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Gwen Ifill was a Caribbean American journalist that inspired generations of girls of all races to pursue journalism, but she held a special place in the hearts of African American girls and women.  

In 2004, she moderated the vice-presidential debate between the Republican Vice President Dick Cheney and the Democratic candidate and U.S. Senator John Edwards, and was the first black woman to moderate a presidential debate during the 2016 election cycle, making her the first woman of color to moderate a presidential debate in 24 years.

Photo Credit: Official White House Photo by Pete Souza

Born in Jamaica, Queens, Ifill was the fifth child a Panamanian father of Bajan (Barbados) descent and a Bajan mother.  In a PBS interview for the History Makers Series, Michele Norris asks whether or not it is true that she would watch conventions on TV as a young girl.

Ifill responded:

“…this was an extension of the fact that my parents thought that what happened in American politics and government mattered. So — and, also, keep in mind that, when we were growing up and watching conventions, we didn’t know how they were going to end… [I]magine watching a convention when Barbara Jordan gets up and speaks, and you’re a little black girl at home who sees nothing like this on television. It blows your mind… And Shirley Chisholm — I mean, there were women, black women who were out there speaking their truth in an environment where it wasn’t generally welcomed.”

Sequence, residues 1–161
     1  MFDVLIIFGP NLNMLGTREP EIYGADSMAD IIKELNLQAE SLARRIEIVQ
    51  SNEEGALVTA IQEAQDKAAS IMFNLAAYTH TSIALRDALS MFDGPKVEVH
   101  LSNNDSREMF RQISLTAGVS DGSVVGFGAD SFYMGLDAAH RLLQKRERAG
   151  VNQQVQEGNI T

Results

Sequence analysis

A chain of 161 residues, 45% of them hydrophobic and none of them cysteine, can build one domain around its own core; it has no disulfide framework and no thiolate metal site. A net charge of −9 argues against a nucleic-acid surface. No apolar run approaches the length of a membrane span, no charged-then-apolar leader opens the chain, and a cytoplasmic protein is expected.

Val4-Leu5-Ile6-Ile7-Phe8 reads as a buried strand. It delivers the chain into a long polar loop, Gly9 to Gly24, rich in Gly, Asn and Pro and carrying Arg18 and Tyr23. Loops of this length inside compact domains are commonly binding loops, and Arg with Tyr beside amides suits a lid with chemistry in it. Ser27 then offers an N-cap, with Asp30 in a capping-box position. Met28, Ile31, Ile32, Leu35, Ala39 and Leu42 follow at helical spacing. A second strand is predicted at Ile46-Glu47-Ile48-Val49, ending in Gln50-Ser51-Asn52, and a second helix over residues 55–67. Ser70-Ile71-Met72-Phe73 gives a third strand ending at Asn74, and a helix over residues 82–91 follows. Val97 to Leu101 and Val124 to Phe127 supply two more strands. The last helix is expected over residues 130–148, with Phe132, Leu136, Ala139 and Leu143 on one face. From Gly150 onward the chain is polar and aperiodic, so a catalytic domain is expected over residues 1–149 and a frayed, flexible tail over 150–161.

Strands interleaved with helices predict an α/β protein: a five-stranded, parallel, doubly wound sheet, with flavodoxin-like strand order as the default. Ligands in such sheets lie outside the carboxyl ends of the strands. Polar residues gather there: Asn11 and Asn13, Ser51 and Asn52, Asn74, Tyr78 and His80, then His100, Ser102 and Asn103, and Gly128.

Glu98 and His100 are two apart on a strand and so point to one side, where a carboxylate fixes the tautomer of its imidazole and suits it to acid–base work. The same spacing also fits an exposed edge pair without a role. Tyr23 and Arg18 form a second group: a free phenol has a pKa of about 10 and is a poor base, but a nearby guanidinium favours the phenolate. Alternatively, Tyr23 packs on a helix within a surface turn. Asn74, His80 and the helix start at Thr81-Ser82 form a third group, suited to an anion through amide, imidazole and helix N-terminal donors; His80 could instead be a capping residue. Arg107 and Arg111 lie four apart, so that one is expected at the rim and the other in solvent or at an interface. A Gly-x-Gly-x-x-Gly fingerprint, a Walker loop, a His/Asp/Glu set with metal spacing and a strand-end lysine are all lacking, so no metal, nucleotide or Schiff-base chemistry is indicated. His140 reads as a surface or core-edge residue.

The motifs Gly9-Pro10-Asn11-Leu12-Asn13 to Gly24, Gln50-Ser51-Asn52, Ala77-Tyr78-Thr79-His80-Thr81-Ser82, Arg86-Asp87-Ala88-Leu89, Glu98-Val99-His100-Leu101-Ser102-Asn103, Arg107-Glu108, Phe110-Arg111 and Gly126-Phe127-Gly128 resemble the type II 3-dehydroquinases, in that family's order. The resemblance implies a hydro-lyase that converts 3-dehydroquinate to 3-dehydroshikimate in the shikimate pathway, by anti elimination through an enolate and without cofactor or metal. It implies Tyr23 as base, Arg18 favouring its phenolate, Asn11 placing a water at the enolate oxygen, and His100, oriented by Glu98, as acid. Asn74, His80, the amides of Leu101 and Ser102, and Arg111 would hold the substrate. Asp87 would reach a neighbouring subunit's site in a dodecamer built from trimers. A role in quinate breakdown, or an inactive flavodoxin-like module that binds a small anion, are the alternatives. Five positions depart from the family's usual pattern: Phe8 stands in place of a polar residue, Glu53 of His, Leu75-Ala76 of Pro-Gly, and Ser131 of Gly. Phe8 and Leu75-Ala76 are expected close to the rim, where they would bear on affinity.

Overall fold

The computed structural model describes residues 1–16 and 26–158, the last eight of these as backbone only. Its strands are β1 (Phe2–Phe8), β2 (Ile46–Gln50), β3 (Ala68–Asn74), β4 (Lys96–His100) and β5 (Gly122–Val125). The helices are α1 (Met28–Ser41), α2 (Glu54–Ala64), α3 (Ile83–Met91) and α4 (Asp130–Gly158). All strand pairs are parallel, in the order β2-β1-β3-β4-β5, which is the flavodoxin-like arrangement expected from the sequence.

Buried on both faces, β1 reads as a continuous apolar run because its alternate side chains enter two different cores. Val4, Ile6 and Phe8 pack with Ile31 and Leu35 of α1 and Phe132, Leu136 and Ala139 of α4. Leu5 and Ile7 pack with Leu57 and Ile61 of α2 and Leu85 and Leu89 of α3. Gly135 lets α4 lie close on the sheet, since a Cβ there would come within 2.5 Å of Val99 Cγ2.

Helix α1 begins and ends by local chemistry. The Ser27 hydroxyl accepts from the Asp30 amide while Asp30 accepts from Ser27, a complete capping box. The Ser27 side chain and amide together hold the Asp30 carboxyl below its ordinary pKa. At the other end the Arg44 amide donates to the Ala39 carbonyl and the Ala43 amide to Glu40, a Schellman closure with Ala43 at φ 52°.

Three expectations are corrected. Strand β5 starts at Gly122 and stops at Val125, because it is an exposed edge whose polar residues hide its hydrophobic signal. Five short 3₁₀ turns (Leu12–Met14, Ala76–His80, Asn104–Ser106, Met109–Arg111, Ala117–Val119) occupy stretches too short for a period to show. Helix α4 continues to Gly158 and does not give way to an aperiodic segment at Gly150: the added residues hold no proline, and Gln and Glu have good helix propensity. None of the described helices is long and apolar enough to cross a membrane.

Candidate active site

Ifill often got choked up when she talked about the impact that other black, female journalists whom she watched on television, and her impact on other little black girls who see her. She passed away on November 14, 2016, from endometrial cancer, knowing the impact that she made on future generations of black journalists.

In the interview with Norris, she says, “invariably, somebody will come up to me and tell me the story of their little girl.  And it always stops me in my tracks, because, as long as I remember that there is someone on the other side of the piece of equipment, the camera, who is watching me with expectation, and it can shape what they do next, I just take what I do seriously every single day.”

During her impressing career in journalism, Ifill covered eight presidential campaigns, and for 17 years, served on the NewsHour on PBS, and as moderator and managing editor of “Washington Week.

Sara Just, NewsHour’s executive producer, called Ifill, “ a standard bearer for courage, fairness and integrity in an industry going through seismic change… a mentor to so many across the industry,” and, “a journalist’s journalist who set an example for all around her.

She often joked with fellow Bajan American, former United States Attorney General Eric Holder, that they may have been what we like to call "cousin-family" and called each other "cuz."

Gwen Ifill will be missed, but the world will be eternally grateful to her for her efforts to impact her profession and future generations of black journalists by being a highly visible standard for excellence in journalism.